Latin America is being increasingly exposed to natural disasters ranging from earthquakes to climate related events such as hurricanes, storms and floods and they are also causing havoc with public finances, a new report suggests. Recent disasters are still fresh on people’s minds, such as the 2010 earthquakes in Haiti and Chile and, more recently, tropical storms Irene and Sandy.
Over the past decade, natural disasters alone have cost the region more than $8 billion in damages, taking lives, destroying property, wreaking havoc on public finances, and constraining economic growth, says a report from the International Development Bank (IDB). It says that more than ever countries, particularly developing ones, need to be prepared. However, setting aside resources for disasters can mean ignoring some of their most urgent development priorities, the report points out.
A financial toolkit developed by the IDB in 2007 is helping countries cope. Under the Integrated Disaster Risk Management and Finance Approach, countries work with the IDB to better assess their risk, devise prevention and mitigation measures, and ensure they have enough financial resources to deal with emergencies. An important part of the toolkit is financial planning since natural disasters vary in terms of severity and frequency, the toolkit helps countries develop different instruments to deal with emergency costs.
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First, the programme provides technical support to quantify countries’ exposure to natural disasters. Second, it helps countries create special budgetary reserves to cover such emergencies, including events that are less severe but more frequent, such as floods caused by storms. Lastly, the toolkit provides special financing mechanisms, including fast disbursing contingency credit lines and insurance facilities, so that countries can quickly tap into these resources to cover extraordinary expenses linked to catastrophic events.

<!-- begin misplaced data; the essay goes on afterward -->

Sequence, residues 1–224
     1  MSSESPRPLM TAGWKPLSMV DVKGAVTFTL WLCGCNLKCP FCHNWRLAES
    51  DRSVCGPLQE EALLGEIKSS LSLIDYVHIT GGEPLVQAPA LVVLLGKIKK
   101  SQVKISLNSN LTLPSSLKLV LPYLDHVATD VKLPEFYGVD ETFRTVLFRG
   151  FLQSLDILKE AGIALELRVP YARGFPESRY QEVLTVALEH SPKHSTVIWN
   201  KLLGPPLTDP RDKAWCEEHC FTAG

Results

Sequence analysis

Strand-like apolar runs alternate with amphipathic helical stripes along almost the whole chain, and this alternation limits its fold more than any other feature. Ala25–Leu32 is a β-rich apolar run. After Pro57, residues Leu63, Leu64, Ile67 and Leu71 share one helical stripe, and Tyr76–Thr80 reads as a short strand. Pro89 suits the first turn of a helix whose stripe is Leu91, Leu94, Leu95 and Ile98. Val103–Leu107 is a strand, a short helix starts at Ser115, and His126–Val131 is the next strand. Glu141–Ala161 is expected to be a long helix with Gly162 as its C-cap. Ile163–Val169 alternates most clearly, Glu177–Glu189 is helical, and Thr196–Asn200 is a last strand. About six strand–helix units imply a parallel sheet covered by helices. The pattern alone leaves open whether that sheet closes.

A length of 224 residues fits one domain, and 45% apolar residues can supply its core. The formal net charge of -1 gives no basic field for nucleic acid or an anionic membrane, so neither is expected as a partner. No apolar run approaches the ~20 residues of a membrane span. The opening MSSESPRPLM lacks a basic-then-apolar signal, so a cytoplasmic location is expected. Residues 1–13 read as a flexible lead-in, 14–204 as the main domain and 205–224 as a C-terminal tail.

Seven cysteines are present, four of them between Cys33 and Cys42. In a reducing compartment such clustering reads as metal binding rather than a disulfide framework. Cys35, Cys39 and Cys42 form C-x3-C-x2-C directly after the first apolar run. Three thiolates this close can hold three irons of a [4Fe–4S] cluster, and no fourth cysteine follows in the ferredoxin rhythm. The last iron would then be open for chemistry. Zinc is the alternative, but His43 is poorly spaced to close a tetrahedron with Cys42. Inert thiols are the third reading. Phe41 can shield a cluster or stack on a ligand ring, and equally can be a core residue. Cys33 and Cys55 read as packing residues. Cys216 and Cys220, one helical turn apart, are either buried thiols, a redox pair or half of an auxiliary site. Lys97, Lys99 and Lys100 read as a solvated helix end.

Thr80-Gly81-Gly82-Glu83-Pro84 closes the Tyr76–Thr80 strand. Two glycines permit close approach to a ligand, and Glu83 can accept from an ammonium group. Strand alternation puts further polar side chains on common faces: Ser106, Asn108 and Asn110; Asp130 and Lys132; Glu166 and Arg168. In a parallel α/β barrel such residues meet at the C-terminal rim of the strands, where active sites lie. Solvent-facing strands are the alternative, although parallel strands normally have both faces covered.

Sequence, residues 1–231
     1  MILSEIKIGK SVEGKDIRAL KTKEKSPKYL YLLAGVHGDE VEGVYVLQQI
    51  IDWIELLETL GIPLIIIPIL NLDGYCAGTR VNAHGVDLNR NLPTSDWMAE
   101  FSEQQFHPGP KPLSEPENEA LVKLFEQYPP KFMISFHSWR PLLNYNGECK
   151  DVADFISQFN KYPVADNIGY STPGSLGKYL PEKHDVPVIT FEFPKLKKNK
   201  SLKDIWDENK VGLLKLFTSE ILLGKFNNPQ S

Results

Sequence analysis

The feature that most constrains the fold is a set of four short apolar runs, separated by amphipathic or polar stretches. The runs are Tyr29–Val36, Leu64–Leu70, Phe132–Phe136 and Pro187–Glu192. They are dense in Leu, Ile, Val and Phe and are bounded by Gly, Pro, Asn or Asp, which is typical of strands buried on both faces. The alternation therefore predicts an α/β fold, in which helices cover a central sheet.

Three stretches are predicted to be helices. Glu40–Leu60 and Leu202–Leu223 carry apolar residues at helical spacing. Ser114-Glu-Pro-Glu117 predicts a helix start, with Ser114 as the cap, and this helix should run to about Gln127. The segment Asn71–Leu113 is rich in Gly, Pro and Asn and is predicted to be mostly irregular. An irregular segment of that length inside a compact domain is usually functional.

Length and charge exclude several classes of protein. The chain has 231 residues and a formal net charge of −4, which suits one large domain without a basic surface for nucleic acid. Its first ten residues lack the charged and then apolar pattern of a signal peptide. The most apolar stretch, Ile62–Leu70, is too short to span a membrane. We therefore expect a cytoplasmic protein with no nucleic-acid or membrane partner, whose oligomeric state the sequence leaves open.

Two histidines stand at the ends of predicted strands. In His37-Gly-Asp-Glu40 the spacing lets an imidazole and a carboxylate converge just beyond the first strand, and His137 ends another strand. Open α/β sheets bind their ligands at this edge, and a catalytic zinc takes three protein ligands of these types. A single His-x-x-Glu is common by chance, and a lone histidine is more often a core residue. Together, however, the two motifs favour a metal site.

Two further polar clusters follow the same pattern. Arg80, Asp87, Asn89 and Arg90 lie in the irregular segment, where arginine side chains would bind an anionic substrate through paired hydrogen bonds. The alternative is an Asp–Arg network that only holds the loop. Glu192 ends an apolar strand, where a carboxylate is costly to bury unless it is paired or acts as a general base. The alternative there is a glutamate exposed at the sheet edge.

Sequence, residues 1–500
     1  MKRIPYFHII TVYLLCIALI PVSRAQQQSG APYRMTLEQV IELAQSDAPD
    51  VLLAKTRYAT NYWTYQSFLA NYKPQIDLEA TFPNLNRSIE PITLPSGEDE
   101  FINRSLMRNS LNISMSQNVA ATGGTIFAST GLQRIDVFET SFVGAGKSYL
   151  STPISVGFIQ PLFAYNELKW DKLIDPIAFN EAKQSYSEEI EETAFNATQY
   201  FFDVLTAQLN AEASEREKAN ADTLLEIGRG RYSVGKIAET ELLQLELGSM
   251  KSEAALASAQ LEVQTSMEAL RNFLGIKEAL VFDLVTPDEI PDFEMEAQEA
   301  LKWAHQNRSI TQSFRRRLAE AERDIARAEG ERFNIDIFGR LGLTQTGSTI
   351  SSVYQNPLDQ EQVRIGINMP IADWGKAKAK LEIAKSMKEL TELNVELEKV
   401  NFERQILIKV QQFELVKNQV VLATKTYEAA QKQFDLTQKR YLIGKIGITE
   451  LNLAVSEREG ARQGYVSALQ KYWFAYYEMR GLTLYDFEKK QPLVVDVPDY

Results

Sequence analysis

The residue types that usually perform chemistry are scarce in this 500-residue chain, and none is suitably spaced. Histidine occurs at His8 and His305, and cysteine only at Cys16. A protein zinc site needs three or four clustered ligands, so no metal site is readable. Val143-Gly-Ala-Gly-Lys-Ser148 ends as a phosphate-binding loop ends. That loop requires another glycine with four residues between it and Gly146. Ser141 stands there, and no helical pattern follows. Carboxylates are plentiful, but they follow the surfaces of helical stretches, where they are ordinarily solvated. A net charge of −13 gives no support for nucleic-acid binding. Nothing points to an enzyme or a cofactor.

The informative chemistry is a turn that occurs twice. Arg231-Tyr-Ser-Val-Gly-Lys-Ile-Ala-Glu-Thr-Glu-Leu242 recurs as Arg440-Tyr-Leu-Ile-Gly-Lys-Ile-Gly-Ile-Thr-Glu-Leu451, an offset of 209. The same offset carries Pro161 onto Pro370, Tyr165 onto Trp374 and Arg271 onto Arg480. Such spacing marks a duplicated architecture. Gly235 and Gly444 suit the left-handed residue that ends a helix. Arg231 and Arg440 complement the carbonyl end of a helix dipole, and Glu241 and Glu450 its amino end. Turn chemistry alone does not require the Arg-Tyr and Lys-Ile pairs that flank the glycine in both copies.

The Dominican Republic has been the first country in the region to take full advantage of the toolkit, given its limited financial resources and high vulnerability to tropical storms and earthquakes. An IDB study on disaster risk management showed that the country’s current tax revenue would be able to cover only about 25% of public emergency expenses related to a catastrophic natural disaster. Working with the IDB, the Dominican Republic has devised a financial disaster risk-management strategy using the integrated approach. In 2009, it revamped its reserve fund for disaster emergencies and got a contingency loan from the Bank. Those resources will be quickly disbursed in the event of a severe natural disaster.
Also with technical and financial support from the IDB, the Dominican Republic in 2011 created an insurance facility to further protect its finances against the costs of natural catastrophes. The coverage is structured as a parametric insurance policy, and most of the risk will be transferred to international financial markets. The policy provides coverage of the extraordinary public expenditures that could be incurred during emergencies caused by catastrophic earthquakes or tropical storms over an initial period of five years.
‘With all the elements of the toolkit in place, the Dominican Republic is showing a level of preparedness rarely seen in Latin America and the Caribbean. By protecting its public finances, the government is ensuring it will be able to help its citizens at a time when they will need it the most,’ said an IDB spokesman.